Carl Gipson gets a hug from his great-granddaughter MyElli Richards, 4, during his birthday party at Carl Gipson Senior Center in Everett on Jan. 12, 2019. (Kevin Clark / Herald file)

Carl Gipson gets a hug from his great-granddaughter MyElli Richards, 4, during his birthday party at Carl Gipson Senior Center in Everett on Jan. 12, 2019. (Kevin Clark / Herald file)

Fund helps with Everett senior center’s new $30 membership fee

One generous donor to the fund sponsored memberships for 10 people.

EVERETT — Bingo is back on.

The Carl Gipson Senior Center in Everett is starting to charge an annual membership fee, and there have been concerns that not everyone could pay the $30.

But the seniors have stepped up, and then some.

The fee goes into effect April 1, one of many changes while the city tightens its budget.

On Feb. 22, the senior center sent notification letters about the deadline. Just days later, a woman came by to make her payment.

“She said she was in a position where she could afford to help others and so within her check, she added another $300 for 10 memberships,” said Kimberly Shelton, the assistant parks director who oversees the senior center.

The woman asked to remain anonymous.

She’s not the only one who’s been in a giving mood.

Carl Gipson, the center’s namesake and a longtime civic leader, celebrated his 95th birthday with a party there in January. Instead of presents, he asked for donations to the Membership Scholarship Fund. The party brought in $1,565.

Another four scholarships came from the center’s recreation association, an affiliated nonprofit that runs the bingo.

Altogether, the donations have totaled $4,135, Shelton said.

So far, 314 members have paid their dues. Separately, the donations can cover 137, and counting. And the need is there — eight people have applied for scholarships, and all of them were approved, Shelton said.

“It does very much feel like the members are taking care of each other,” she said.

Rikki King: 425-339-3449;; Twitter: @rikkiking.

Get involved

For more information about the Membership Scholarship Fund at the Carl Gipson Senior Center in Everett, call 425-257-8780 or visit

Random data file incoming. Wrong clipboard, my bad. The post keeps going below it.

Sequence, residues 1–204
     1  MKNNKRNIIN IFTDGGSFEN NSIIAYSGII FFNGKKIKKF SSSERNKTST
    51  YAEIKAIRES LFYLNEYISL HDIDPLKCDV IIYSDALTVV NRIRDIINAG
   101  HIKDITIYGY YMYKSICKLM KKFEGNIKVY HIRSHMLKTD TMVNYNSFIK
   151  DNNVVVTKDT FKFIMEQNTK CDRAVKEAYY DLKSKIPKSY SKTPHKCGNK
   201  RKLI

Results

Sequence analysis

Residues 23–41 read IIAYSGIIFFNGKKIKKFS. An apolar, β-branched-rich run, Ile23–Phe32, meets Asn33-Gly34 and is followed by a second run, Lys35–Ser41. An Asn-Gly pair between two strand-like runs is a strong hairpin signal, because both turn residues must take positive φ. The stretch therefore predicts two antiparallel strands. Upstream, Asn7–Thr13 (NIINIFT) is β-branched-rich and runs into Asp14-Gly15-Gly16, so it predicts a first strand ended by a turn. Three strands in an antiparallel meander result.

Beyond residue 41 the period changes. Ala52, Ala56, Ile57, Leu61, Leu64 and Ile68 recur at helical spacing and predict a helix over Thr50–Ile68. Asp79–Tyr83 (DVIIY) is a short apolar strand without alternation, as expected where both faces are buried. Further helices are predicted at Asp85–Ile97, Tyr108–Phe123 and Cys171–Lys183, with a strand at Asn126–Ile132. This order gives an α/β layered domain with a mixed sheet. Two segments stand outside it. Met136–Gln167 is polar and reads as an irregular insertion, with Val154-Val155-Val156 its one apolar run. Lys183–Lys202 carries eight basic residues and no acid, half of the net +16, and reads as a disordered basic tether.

Talk to us

More in Local News

Claire Swander, 6 months old, gets an H1N1 vaccine from nurse Soon Ku at Providence Physician Group in Mill Creek on Oct. 31, 2009. The site had lines with a three-hour wait for portions of the morning. (Heidi Hoffman / Herald file)
Vaccine approval for kids a reminder of 2009 H1N1 outbreak

As swine flu scare closed some schools, parents flocked to public clinics to protect their children.

Darren Redick is the new CEO of Providence’s Northwest Washington service area. (Providence Health and Services) 20210514
Providence stays local in selecting a new regional CEO

Based in Everett, Darren Redick will lead the health care provider’s Northwest Washington area.

Two men were hurt after a fire in an apartment Sunday morning south of Everett. (South County Fire) 210516
Two men hurt in apartment fire south of Everett

In all, 16 residents were displaced by the early morning blaze at the Hanger 128 Apartments.

State’s E. Coli outbreak linked to PCC Market yogurt

Statewide, 11 cases are connected to the yogurt, including one in Snohomish County.

Georgie Gutenberg
Death of Lake Stevens woman not suspicious

Police had asked for the public’s help to search for Georgie Gutenberg. She was found dead Sunday.

Firefighters douse the flames at the NOAA Fisheries Building Friday evening in Mukilteo on May 14, 2021.  (Kevin Clark / The Herald)
Fire damages NOAA site near new ferry terminal in Mukilteo

Smoke flooded the waterfront Friday night as fire crews descended on the abandoned research center.

Everett man shot while walking his dog identified

Ryan S. McFadden, 33, died of gunshot wounds.

Man killed by train near Snohomish is identified

The Marysville man, 45, was hit Thursday morning south of the Snohomish River.

Map of major geologic faults of the Puget Sound region. No caption necessary. 20210502
1. Buried danger: A slumbering geologic fault beneath us

An earthquake along the southern Whidbey Island fault reshaped the land some 2,700 years ago. Another big one is expected, and it could be devastating.

Most Read